New approaches to the master bedroom

Designers offer advice for creating space that's a stylish, practical sanctuary



A well-designed master bedroom should be an oasis of romantic calm. It’s also supposed to be the practical place where you store clothing and get a good night’s sleep, and it may also be where you watch television, pay bills and even set up a home office. 

That’s a lot to ask of a single room.

On the bright side, says interior designer Brian Patrick Flynn, you have plenty of decorating freedom.

“Since bedrooms are all about self-expression and comforts,” he says, “you can break the rules as much as you want.” 

Here are some tips on breaking those rules with style.

• ONLY THE CALMEST COLORS: Forget trendy shades or your favorite bright colors. Betsy Burnham of Burnham Design advises sticking to a soothing palette of ivory and white, evoking a luxury hotel room.

“You can layer color into that if you want to,” she says.

If your idea of peace and quiet involves deeper colors, Flynn suggests navy blues or black-browns.  

• BIG BEDS IN SMALL ROOMS: Think your medium-size or small bedroom can’t handle a gorgeous four-poster bed? Burnham says a bed like that can serve as “a statement piece” that brings lots of style. It actually frees up space, because you won’t need any extra, decorative pieces of furniture.

Flynn agrees, as long as the bedroom isn’t extremely small and the nightstands are in proportion.

• SOFTEN EVERYTHING: These designers are seeing a trend toward upholstered beds and headboards, and even upholstery fabric used on walls.

“It’s this idea that you’re being completely cocooned and buffered from the world,” says Molly Luetkemeyer of M. Design Interiors.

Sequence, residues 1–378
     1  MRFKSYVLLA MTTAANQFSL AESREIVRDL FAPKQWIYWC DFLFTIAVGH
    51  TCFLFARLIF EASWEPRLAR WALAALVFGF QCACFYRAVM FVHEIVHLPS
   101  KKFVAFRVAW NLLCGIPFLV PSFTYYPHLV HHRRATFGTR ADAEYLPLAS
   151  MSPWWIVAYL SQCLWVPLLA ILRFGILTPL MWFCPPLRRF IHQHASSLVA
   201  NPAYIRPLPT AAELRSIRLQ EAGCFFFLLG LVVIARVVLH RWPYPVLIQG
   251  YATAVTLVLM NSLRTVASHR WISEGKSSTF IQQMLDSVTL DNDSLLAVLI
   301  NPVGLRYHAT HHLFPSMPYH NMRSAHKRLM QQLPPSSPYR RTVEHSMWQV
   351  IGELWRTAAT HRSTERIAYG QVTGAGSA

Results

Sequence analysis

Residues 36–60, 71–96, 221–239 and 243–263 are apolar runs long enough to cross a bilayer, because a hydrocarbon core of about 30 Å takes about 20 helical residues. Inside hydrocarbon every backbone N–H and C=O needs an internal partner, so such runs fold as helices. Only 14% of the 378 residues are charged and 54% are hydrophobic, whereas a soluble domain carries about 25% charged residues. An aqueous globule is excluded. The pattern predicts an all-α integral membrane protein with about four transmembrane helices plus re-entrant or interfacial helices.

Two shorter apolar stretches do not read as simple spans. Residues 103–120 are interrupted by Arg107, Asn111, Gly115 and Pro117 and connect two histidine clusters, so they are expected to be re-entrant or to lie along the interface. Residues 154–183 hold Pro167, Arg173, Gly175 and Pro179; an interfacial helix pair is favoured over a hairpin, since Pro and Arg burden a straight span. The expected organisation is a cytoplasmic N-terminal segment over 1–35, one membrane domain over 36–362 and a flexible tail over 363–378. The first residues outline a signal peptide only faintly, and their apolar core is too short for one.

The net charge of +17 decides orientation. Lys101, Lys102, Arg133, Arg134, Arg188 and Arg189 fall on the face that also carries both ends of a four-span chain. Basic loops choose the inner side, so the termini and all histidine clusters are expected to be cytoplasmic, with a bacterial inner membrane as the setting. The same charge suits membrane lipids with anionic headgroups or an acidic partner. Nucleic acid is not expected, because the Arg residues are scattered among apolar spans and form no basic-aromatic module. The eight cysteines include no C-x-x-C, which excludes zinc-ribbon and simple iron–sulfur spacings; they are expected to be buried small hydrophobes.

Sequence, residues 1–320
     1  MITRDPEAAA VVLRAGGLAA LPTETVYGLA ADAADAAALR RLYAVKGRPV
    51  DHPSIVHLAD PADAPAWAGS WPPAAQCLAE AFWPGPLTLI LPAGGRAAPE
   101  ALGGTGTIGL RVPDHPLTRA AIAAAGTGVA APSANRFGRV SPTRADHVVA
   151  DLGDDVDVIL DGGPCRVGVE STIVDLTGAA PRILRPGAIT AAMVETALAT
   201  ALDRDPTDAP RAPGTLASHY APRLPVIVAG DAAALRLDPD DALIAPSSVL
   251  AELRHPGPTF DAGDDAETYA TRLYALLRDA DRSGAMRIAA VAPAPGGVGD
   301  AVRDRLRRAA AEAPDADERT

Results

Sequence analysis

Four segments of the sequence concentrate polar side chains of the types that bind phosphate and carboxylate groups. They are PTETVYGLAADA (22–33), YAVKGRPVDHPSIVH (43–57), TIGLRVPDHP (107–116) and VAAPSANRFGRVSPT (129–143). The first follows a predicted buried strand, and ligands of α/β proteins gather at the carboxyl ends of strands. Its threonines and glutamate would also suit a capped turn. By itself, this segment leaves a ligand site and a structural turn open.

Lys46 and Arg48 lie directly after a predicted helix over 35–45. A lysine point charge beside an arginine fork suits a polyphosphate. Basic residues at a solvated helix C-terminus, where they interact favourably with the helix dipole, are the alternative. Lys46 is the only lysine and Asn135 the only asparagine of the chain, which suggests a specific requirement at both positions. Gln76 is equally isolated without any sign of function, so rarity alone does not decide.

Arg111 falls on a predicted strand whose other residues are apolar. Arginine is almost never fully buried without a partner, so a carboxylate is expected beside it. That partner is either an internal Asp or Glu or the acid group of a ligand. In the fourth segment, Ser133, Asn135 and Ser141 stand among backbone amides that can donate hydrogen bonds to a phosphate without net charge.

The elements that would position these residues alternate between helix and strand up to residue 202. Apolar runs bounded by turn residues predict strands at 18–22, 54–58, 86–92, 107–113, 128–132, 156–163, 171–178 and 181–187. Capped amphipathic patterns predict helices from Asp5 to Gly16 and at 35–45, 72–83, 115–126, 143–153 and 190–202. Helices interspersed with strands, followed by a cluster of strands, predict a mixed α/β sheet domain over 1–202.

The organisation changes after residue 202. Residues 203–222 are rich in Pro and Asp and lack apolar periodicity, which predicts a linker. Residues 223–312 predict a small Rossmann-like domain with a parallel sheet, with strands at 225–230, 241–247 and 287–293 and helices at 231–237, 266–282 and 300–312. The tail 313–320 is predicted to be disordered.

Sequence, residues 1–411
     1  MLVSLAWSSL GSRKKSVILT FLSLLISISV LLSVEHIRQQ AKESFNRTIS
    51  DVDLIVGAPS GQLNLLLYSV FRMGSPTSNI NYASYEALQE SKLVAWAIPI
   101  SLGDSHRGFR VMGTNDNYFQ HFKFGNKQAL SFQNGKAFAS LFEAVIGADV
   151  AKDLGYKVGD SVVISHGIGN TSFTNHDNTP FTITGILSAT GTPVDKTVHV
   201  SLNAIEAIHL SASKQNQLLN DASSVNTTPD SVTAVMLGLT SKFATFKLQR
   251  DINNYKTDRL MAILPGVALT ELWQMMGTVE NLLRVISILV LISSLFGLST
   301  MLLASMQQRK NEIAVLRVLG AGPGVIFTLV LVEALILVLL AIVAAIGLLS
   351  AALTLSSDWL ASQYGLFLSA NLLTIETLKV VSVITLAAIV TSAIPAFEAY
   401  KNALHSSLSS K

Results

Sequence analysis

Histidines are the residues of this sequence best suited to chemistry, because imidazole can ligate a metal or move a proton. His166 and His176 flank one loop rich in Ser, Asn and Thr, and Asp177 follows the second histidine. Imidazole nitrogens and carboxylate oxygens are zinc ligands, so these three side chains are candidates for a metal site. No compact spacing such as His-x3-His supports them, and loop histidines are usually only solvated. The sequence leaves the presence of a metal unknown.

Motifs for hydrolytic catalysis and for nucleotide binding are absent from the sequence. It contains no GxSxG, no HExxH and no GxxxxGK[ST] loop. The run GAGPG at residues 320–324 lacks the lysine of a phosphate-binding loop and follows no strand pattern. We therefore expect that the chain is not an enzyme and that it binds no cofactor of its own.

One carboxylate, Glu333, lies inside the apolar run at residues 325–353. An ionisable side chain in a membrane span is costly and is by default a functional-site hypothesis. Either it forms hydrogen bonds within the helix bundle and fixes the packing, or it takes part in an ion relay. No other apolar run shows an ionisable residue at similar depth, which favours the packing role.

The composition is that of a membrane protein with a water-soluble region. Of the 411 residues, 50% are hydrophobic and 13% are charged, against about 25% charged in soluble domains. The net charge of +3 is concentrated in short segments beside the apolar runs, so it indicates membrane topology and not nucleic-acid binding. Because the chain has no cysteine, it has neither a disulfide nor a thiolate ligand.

With softness in mind, Flynn suggests using more than one layer of window treatment: “I usually layer black-out shades with custom, pleated drapery panels,” he says. “This softens the hard edges of the room, helps with noise control and also allows the homeowner to sleep in as late as they want.”

If you’re worried that all that softness will make the room too feminine, Burnham suggests adding just a few sharper, cleaner lines for balance. Choose sleek, mid-century vintage lamps to place on either side of an upholstered bed. Or opt for a dresser with simple, clean lines rather than a piece that’s ornate and curvy.

• SKIP NIGHTSTANDS: Flynn suggests using 30-inch-tall dressers or chests instead of traditional nightstands. Luetkemeyer agrees that closed storage at bedside is a wise move for most people. It keeps necessities handy, but hides clutter to make your sleeping area look organized even when it isn’t.

• PENDANTS AND SCONCES INSTEAD OF TABLE LAMPS: Chandeliers are often used in dining rooms and entryways to add glamour and drama. Flynn’s tip? They “work just as well in bedrooms.”

“I often install pendant lights over nightstands instead of using table lamps,” he says, “especially if the headboard is tall and dramatic. … I always, 100 percent of the time, install them on dimmers.”